Villaraigosa made the comments a day after the city's chief legislative analyst said the mayor did not have the power to shut down agencies without the concurrence of the City Council.
Villaraigosa did not provide an estimate of how much the city's revenues had exceeded projections, but he said the city remains deep in the red and still needs $73.5 million that was expected to be transferred to the General Fund by the Department of Water and Power. The DWP has since announced that it would not be providing the money.
"I can't direct (DWP) to do something that in any way violates their fiduciary responsibilities, but I certainly would like to see a transfer as well," Villaraigosa said.
The City Council's ranking members issued a letter to DWP Interim General Manager S. David Freeman today, demanding the money.
The letter signed by City Council President Eric Garcetti, President Pro- Tempore Jan Perry, Assistant President Pro-Tempore Dennis Zine and Budget and Finance Committee Chairman Bernard Parks states, "It seems that the (DWP) is holding the city taxpayers hostage in asserting that fulfilling your commitment to the city (remitting the $73.5 million) will assuredly result in a bond rating downgrade."
"This is not a foregone conclusion and as the leader of the utility, you should be making every effort to mitigate, rather than exacerbate, the uncertainties surrounding your financial situation," the letter states. "A majority of the council has made it clear that it will support an immediate rate increase and future rate increases that are well-justified and transparent, and nothing in the council's actions should lead you or the rating agencies to conclude otherwise." The letter added, "The council is fully committed to aggressively pursuing a cleaner, greener and more efficient department and will be your partners in the future in making sure that the people of Los Angeles are well served, both environmentally and fiscally.
"The council also stands ready to commit to the department the funding necessary to achieve its mission, but will continue to do what we are elected to do, ensure that the ratepayers and owners of the department are protected and that the rates they must pay to receive service from the utility that they own are transparent and justified."
Villaraigosa asked the DWP on Thursday to remit $20 million generated through cost-cutting measures.
"(DWP) can find up to $20 million in efficiencies and I'm requesting that -- at the minimum," he said.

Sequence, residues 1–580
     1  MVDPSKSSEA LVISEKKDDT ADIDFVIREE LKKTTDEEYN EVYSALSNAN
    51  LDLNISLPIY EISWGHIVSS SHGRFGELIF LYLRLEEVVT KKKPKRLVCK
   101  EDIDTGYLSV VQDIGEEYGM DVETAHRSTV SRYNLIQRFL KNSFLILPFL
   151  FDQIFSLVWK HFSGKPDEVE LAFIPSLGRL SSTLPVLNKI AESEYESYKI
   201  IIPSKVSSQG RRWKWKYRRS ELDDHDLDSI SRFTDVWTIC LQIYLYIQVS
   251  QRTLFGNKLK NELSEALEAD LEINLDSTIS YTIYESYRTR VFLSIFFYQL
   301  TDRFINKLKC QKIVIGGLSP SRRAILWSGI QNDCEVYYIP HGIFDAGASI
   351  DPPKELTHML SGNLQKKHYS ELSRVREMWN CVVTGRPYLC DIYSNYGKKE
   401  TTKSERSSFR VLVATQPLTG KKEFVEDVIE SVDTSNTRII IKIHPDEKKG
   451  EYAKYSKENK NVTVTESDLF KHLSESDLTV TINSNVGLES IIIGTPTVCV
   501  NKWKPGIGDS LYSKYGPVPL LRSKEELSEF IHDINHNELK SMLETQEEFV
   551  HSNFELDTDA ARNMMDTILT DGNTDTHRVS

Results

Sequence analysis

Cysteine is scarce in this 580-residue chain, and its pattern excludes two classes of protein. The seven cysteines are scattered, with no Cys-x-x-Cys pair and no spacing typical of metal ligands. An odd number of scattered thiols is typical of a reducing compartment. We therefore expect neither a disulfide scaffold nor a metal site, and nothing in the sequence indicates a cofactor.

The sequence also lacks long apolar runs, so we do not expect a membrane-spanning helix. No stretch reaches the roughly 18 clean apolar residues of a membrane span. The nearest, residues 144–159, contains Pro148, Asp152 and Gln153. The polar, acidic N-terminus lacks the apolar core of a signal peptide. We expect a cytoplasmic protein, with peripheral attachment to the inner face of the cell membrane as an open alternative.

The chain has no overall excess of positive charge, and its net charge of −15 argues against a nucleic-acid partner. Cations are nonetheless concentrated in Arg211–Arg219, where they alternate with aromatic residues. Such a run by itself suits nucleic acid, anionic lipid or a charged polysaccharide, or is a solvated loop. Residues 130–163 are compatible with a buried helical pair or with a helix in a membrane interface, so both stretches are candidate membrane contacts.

Garcetti said that aside from an increase in revenue, "belt- tightening" measures have resulted in a "more robust" fiscal situation for the city.
"We need to be ready for any contingency but right now, it doesn't look like we have to do two days a week (of shutting down certain city services)," Garcetti said.
Over the last several months, the city has cut costs by laying off at least 43 workers, granting another 2,400 workers early retirement, increasing debt collection and negotiating lower costs for its contracts.
When the DWP vowed to withhold the $73.5 million because the council rejected its application for 5.7 percent increase in electricity rates, Villaraigosa on Tuesday called for shutting down non-revenue generating services, which would essentially furlough thousands of employees.
The city's Chief Legislative Analyst Gerry Miller said on Wednesday, however, that the mayor cannot take such action unilaterally.
Villaraigosa and the council leadership met behind closed doors this morning, and later tried to downplay the dispute.
"We all agree we need to put together the necessary changes to our emergency declaration to give us the latitude and flexibility to prepare for contingencies," he said.
"My hope is that we won't need to go two days or even one day a week (of shutting down city services), but we all agree, we need to be prepared," he said.
The city's budget analysts were expected to release the official Financial Status Report this week.
Meanwhile, the Los Angeles Protective Protective League warned that budget cuts were forcing police officers to forgo overtime and take on desk jobs normally performed by civilians.
The union's president, Paul Weber, said police deployment throughout the city is suffering because civilian employees are being subjected to furloughs or being offered early retirement, and the police department cannot replace them because of a hiring freeze.
"The impacts are very real, as officers are forced to stay at home because of overtime concerns and fill in for furloughed civilians or vacant civilian jobs," Weber said. "City officials need to carefully consider the impacts of budget cuts and realize the consequences to public safety of any actions that increase police response time and decrease patrols in our city."
LAPPL estimated that between June 2009 and June 2010, the number of civilian employees at the LAPD is expected to drop by 1,000 to about 2,900. Weber said they perform duties crucial to effective law enforcement, such as taking 911 calls, warrant processing, data entry for suspect booking, grant writing and crime statistics analysis.
At present, more than 200 "full-time or able-bodied" police officers are working in civilian jobs on a daily basis, LAPPL spokesman Eric Rose said.
He said this "threatens to reverse LAPD's historic crime reductions in recent years" and called for the civilian positions to be reinstated.